3. PR and Investor Relations
    Did you generate meaningful press coverage? Did your company’s trade show presence result in improved perception of your company in the investor community? Do you get any significant consumer education opportunities from the show?If your trade show attendance has not been a PR opportunity, it is a promotional gap that should be evaluated for potential for your company.
  4. Market intelligence
    Trade shows are an excellent way to gain competitive intelligence. They also can be used for market research and provide an excellent opportunity to gain customer insight.If your trade show isn’t providing your company with market intelligence, develop a plan to maximize this unique opportunity to gather both the latest competitive info and to learn more about your customers.

Have you analyzed your trade show investment? Are you satisfied with your results?

Trade Show Planning: Creating a Timeline

Organizing your company’s participation in upcoming trade shows can be stressful and requires precision and strong organizational skills. To make it a tad less stressful, prepare a timeline of things that must get done and when they must be accomplished. This alone can help you stay on track, reduce some of the nail-biting and prevent missed deadlines that can cost you down the road in lost discounts, rush fees and missed opportunities.

There are deadlines for choosing an exhibit space, for ordering show services, and for creating your exhibit. There is no one right way to create a timeline, as they can be organized in a myriad of ways (deadlines, tasks, etc.). However, once you come up with one that works for you, use it as a master template for creating timelines for all future shows.

Here are some general guidelines to help you in your planning:

12+ months out: Determine your objectives

Identify the role that trade shows will play in your overall marketing and sales plan. Will trade shows be primarily used to generate sales leads and prospective customers?

Conduct research on what shows will best achieve these objectives.

Determine a budget and project your return on investment (ROI).

9-12 months out: Initial planning mode

Compile a list of specific objectives for each show, such as number of leads, number of products sold, amount of publicity sought, etc.

Identify the booth size needed and type of display, along with marketing collateral and promotional items.

Register for the show and reserve your space with show management and request full details of exhibit requirements (deadlines, shipping information, etc.).

Create a trade show marketing plan that uses a mix of promotional methods to reach sales prospects.

6-9 months out: Fine-tuning your message

Develop your sales message that will communicate a compelling story and deliver the key points you want to make in as short a time as possible (preferably less than 30 seconds).

Choose an exhibit company to help create and deliver an exhibit that will fit your needs and budget. Research their capabilities, experience, and design talent, and be sure and check references of past clients.

Determine what promotional strategies, such as giveaways and attractions, you’ll use to draw attendees out of crowded aisles and into your booth.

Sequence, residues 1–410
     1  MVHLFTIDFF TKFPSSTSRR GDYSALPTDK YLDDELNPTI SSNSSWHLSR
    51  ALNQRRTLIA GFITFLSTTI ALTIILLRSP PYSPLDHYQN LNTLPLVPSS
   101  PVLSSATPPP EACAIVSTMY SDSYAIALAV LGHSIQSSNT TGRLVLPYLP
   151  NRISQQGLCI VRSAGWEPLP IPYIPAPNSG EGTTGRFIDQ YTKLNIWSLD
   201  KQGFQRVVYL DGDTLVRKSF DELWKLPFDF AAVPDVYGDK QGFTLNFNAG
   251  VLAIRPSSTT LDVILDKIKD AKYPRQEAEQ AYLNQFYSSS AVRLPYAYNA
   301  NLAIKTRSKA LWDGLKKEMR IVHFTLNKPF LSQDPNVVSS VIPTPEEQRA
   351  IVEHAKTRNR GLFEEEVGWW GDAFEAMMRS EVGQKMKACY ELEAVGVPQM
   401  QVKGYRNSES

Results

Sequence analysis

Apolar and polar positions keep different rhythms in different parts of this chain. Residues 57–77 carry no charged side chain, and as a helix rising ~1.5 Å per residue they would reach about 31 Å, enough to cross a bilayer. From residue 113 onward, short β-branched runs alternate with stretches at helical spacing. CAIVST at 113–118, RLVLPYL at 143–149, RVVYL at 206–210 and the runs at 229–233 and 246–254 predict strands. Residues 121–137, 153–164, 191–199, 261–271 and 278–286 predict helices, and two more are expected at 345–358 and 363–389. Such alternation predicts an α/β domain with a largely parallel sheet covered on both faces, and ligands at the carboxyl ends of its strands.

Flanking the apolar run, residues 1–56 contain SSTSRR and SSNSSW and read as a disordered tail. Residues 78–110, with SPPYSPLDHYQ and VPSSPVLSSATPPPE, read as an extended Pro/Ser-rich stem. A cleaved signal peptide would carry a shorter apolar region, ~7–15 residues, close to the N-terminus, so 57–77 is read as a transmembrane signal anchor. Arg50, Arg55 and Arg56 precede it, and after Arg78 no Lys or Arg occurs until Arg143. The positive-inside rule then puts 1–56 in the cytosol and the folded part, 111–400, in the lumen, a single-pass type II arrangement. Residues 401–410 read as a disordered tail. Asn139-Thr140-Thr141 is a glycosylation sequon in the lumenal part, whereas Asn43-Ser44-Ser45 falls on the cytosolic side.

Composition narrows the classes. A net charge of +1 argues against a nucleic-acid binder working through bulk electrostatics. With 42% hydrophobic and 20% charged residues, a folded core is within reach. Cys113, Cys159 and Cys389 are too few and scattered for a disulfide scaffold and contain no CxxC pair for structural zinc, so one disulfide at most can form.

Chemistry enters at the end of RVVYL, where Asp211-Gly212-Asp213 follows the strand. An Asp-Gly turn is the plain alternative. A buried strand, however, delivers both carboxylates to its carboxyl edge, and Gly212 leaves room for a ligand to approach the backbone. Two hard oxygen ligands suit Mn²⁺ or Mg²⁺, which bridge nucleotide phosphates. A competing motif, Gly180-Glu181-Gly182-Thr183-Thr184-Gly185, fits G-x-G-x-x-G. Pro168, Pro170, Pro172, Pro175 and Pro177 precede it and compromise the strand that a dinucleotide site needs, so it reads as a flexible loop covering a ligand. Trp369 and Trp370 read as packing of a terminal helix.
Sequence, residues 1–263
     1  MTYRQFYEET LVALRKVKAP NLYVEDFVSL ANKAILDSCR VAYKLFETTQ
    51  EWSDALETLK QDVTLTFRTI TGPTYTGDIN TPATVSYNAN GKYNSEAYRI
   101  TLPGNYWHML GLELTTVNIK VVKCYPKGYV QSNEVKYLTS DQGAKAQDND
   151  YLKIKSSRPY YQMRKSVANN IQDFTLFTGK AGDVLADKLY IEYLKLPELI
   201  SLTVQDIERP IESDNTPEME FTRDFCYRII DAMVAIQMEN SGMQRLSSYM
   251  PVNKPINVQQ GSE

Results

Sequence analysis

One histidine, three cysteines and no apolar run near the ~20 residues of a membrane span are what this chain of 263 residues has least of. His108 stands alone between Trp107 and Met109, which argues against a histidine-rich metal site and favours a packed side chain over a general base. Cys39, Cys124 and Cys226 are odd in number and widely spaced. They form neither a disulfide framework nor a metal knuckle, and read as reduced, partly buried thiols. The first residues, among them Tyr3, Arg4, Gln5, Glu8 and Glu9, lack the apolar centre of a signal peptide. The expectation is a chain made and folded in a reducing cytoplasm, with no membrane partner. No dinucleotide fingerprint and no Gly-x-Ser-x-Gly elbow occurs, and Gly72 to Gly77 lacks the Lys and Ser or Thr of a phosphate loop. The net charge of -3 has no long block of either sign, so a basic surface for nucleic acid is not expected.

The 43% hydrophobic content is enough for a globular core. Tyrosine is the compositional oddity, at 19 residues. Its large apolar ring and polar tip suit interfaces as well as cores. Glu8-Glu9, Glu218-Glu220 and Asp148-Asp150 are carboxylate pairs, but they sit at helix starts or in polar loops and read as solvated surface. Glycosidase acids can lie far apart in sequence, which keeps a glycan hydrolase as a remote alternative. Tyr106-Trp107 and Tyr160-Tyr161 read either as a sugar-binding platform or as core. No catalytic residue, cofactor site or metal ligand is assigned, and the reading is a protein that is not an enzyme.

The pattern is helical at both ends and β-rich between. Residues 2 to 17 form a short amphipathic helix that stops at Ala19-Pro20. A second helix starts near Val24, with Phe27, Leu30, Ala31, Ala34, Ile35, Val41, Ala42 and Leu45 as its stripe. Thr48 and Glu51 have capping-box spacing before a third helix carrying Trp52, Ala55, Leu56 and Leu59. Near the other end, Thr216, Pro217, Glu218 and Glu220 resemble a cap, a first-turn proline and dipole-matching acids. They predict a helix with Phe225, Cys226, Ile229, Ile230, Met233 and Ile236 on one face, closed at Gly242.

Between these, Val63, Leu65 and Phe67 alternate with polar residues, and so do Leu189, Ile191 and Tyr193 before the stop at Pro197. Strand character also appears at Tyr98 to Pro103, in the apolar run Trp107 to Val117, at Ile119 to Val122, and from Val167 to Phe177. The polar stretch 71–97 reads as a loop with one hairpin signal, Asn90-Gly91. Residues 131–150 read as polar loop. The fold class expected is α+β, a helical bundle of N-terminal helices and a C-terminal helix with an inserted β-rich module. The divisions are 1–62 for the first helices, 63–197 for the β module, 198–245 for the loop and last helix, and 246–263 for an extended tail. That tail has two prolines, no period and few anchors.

4-6 months out: Tying up loose ends

Order promotional items (giveaways, takeaways, prizes, etc.)

Confirm delivery dates with your exhibit company to assure your display will be ready on time.

Determine who will be staffing your booth at the show, develop schedules, and plan training sessions.

Make travel and hotel reservations, if you haven’t already.

Determine how your exhibit and accessories will be shipped to the show.

Launch pre-show marketing initiatives.

1-3 months out: Check and double check details

Assemble packets of information for post-show marketing follow-up.

Contact show management for any last-minute details, changes, etc.

Finalize production of display, promotional items, and marketing materials and confirm shipping date.

Schedule dinners, briefings, or other meetings with customers, media, or sales staff.

Re-confirm hotel and travel arrangements. Last minute snafus are costly and can be eliminated by doing one last review of all your staff’s travel plans.

One week out: Crunch time.

Wrap up staff training of booth personnel.

Confirm shipping arrival dates for your display, marketing materials and promotional items.

There’s always going to be that one thing that completely slips your mind, however, having a timeline can help you stay focused, and more importantly, stay on schedule.

Goal Setting – How to Evaluate a Successful Tradeshow

As corporate tradeshow marketing professionals, justifying participation in trade shows is one of the most daunting tasks that we face. The competition for every penny of your marketing budget is fierce and very few executives are in love with tradeshows.

How can you convince others in your organization that shows are a good investment? How can you say that you had a successful show when there was never any measurement technique established? Like any other investment, it must start with goals. When the decision is made to exhibit in a show, you and your team need to produce a written set of measurable goals that everyone buys into.

These may include a number of completed lead sheets, meetings with certain key prospects, the number of individual demonstrations, etc. This list, created well before the show provides a very effective guide for exhibit design, graphics, booth staffing and show activities. Everything planned for the tradeshow must be done with your goals list in mind.

During the show, you can assemble the data to report which goals were achieved and which were not.

A team meeting 2 weeks after the show will allow you to share your results and will clearly demonstrate the value of the show. This then becomes a procedure that is done for every event.

A lack of goals leaves the future of your tradeshow program totally to chance. Need help establishing your goals? Our exhibit management is based entirely on strategic planning. Let’s Talk.